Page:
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Coffee consumption linked to health benefits, researchers claim

High consumption levels are also associated with an 18% lower risk of incident cancer. Credit: PA

Drinking a few cups of coffee a day reduces health risks, experts have claimed.

Researchers from the University of Southampton and the University of Edinburgh reviewed more than 200 studies examining the effects of coffee consumption on health, concluding that taken "within usual patterns of consumption" the drink is safe, except in pregnancy.

Published in The British Medical Journal, the study notes that consuming three or four cups a day compared to drinking none was linked to a lower likelihood of developing or dying from cardiovascular problems.

High consumption levels are also associated with an 18% lower risk of incident cancer, as well as lowering the risk of specific cancers including prostate cancer, endometrial cancer and skin cancer.

There are also "beneficial associations" with conditions ranging from diabetes, to gallstones to gout, as well as links to lower risks of Parkinson's disease, depression, and Alzheimer's disease.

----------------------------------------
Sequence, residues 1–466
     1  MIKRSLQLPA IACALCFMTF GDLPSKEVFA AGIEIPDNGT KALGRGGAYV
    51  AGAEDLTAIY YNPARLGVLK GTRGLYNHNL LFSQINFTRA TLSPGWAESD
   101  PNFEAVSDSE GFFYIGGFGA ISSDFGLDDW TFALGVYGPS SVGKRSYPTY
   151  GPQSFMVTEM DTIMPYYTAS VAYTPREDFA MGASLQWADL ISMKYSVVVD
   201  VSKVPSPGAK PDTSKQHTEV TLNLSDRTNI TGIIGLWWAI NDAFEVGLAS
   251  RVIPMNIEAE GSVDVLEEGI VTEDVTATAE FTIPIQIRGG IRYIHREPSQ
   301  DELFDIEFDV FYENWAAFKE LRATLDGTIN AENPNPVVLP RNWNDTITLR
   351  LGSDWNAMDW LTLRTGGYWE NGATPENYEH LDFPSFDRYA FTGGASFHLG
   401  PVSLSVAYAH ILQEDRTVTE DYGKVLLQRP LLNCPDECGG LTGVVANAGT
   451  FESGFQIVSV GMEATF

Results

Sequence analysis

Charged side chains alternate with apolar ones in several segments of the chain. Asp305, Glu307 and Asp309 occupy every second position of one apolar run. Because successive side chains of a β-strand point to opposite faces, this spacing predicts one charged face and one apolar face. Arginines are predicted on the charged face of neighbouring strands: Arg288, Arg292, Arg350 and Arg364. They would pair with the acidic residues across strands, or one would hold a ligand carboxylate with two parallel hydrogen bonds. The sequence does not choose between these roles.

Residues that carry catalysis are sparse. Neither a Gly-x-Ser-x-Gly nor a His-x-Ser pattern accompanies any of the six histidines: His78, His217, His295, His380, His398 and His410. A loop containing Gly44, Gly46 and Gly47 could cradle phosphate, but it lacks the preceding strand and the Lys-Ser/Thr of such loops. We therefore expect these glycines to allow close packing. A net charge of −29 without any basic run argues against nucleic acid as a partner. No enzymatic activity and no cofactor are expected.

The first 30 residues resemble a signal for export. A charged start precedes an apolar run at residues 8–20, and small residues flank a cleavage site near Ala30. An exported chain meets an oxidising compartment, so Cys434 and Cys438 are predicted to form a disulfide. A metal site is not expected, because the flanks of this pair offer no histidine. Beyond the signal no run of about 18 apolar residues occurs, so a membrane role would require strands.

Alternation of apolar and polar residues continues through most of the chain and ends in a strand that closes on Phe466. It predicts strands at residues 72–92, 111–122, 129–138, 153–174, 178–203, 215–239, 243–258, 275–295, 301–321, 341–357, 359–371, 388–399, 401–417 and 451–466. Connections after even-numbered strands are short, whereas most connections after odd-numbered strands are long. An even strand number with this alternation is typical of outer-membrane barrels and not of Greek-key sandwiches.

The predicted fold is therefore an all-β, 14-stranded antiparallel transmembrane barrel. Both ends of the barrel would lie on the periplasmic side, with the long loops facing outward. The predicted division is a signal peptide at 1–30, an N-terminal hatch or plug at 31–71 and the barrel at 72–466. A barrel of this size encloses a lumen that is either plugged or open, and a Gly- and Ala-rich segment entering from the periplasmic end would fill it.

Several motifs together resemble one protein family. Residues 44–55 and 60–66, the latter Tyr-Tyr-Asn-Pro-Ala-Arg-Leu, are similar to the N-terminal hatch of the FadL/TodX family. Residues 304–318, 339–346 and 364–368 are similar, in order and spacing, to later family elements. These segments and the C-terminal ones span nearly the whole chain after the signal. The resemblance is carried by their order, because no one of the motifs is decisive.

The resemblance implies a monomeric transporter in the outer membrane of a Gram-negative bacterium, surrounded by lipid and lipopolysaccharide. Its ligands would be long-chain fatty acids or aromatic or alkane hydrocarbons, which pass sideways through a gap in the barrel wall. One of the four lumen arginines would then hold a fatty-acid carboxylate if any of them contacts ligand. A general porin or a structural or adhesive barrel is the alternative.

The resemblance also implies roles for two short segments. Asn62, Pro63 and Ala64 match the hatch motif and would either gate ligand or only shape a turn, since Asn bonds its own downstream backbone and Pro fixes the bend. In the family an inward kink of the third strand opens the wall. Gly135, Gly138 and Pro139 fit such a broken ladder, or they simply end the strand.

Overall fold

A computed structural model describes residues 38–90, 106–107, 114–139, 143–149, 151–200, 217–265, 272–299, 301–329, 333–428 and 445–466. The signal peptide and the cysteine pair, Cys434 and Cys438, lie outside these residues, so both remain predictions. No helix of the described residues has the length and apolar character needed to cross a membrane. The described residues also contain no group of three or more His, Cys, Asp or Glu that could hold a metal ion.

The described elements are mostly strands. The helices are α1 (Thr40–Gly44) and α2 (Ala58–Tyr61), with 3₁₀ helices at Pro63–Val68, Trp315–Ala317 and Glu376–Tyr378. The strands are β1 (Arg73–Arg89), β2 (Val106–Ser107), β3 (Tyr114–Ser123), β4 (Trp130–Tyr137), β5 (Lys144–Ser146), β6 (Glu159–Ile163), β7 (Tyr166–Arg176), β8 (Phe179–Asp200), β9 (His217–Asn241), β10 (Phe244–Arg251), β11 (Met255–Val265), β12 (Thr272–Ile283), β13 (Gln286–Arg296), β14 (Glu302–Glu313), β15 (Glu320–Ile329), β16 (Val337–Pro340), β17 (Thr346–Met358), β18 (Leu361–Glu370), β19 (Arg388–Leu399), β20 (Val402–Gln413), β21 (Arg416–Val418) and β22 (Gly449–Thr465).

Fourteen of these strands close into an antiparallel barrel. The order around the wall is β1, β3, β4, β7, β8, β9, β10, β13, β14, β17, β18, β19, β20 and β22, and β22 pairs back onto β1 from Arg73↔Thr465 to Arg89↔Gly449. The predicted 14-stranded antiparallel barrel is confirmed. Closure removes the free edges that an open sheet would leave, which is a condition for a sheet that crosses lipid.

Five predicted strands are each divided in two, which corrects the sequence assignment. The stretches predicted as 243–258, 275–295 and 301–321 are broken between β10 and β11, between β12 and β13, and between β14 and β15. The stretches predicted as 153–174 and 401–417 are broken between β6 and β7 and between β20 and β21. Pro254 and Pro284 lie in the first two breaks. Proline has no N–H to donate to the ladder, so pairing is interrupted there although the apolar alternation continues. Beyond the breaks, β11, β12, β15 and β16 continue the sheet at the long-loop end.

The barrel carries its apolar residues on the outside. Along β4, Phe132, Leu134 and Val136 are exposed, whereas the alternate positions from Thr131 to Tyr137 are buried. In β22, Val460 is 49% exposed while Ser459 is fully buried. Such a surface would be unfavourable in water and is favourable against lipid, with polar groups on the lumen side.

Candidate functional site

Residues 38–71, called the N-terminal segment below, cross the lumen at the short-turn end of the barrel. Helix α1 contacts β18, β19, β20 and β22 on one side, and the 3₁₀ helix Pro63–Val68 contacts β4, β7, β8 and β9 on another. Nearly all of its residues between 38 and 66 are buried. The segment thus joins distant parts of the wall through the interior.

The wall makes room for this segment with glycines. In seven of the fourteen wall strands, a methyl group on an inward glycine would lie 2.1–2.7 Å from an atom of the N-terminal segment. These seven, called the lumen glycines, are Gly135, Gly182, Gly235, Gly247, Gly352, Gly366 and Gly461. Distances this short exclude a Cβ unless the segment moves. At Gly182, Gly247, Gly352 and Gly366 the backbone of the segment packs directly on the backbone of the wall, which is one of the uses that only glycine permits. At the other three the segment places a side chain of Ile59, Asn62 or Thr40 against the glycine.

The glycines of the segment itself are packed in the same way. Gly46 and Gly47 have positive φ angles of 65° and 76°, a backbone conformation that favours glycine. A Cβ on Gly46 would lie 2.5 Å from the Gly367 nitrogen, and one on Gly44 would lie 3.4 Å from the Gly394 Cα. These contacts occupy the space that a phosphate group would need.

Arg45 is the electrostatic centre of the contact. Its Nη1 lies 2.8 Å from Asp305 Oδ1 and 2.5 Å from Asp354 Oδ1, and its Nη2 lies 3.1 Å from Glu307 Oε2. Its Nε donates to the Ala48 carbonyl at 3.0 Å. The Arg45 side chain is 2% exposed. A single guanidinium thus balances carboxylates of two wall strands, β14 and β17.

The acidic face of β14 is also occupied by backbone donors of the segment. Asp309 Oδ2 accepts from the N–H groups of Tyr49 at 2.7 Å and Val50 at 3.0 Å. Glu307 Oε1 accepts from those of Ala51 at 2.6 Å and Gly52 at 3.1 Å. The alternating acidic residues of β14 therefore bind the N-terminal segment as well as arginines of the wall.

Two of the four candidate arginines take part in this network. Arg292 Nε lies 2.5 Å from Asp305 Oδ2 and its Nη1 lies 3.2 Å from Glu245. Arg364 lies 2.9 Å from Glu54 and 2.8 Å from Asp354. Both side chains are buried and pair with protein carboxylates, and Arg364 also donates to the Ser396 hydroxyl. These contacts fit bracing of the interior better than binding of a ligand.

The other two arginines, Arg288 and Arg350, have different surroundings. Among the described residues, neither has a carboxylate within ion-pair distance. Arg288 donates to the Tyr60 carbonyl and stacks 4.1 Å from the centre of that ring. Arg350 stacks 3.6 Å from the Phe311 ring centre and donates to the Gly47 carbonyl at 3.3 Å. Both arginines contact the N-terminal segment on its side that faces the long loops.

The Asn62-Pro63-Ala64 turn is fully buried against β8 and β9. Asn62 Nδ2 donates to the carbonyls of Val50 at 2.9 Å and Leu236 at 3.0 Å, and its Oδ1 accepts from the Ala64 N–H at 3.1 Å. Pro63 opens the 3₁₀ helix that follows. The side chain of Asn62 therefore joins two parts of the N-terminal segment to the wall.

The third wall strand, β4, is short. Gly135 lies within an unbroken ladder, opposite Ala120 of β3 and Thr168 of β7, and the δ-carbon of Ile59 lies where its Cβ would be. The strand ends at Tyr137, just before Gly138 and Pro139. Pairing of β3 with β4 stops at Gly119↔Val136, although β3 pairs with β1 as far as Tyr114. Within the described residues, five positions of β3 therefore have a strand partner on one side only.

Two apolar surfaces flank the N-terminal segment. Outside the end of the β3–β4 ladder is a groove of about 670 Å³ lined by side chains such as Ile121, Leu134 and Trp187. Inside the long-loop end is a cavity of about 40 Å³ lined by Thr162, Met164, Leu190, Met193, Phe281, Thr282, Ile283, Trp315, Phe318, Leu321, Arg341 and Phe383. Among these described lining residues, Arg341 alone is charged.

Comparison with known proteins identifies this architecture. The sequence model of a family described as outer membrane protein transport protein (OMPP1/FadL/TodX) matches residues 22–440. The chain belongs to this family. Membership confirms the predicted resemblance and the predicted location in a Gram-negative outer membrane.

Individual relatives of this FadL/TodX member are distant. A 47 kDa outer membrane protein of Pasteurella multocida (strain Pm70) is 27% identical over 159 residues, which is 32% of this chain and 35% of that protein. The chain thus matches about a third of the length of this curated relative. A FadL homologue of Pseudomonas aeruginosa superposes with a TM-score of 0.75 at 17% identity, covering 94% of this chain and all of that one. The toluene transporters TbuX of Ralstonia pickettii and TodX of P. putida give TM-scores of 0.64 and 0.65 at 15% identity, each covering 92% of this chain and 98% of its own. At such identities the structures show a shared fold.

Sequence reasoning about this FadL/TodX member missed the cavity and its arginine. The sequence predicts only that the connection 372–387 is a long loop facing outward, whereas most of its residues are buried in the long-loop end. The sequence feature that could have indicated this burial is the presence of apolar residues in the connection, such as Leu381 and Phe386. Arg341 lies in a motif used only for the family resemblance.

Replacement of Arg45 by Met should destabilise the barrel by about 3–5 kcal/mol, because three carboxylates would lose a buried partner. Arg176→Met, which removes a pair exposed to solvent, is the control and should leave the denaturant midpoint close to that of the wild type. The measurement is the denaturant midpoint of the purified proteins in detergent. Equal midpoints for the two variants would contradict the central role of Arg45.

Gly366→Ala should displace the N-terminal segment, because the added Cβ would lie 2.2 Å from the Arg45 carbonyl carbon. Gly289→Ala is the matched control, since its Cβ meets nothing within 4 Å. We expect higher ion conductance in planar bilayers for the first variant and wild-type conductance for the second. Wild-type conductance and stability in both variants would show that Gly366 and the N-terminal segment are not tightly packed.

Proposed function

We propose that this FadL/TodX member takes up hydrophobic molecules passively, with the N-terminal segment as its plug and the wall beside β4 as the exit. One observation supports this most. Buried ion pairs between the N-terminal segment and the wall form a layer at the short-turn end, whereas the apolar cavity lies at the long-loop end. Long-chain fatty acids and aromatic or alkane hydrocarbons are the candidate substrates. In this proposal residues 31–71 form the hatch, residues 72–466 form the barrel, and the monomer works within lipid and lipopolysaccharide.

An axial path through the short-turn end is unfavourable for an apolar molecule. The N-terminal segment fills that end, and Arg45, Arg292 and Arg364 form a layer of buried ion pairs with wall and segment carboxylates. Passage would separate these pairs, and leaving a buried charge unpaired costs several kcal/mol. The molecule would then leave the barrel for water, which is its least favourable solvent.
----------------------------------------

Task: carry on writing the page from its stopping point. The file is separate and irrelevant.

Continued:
However, high levels of coffee consumption in pregnant women are linked to lower birth rates, preterm birth and pregnancy loss.

Credit: PA

"Coffee is one of the most commonly consumed beverages worldwide,” researchers wrote. "As such, even small individual health effects could be important on a population scale.

"Coffee consumption seems generally safe within usual levels of intake, with summary estimates indicating largest risk reduction for various health outcomes at three to four cups a day, and more likely to benefit health than harm."

Tom Sanders, emeritus professor of nutrition and dietetics at King's College London, said: "While the conclusion is reassuring to coffee consumers, there are some limitations.

"Coffee is known to cause headaches in some people and it also increases the urge to go to the toilet - some people chose not to drink coffee for these reasons.

"Patients with abnormal heart rhythms are often advised to drink decaffeinated coffee. Caffeine also acutely increases blood pressure, albeit transiently.

"Consequently, there is likely to be a bias towards better health in those who chose to drink coffee compared to those that avoid it, who may do so because they have health problems - this is a limitation of the studies this review looked at as these factors weren't always taken into account."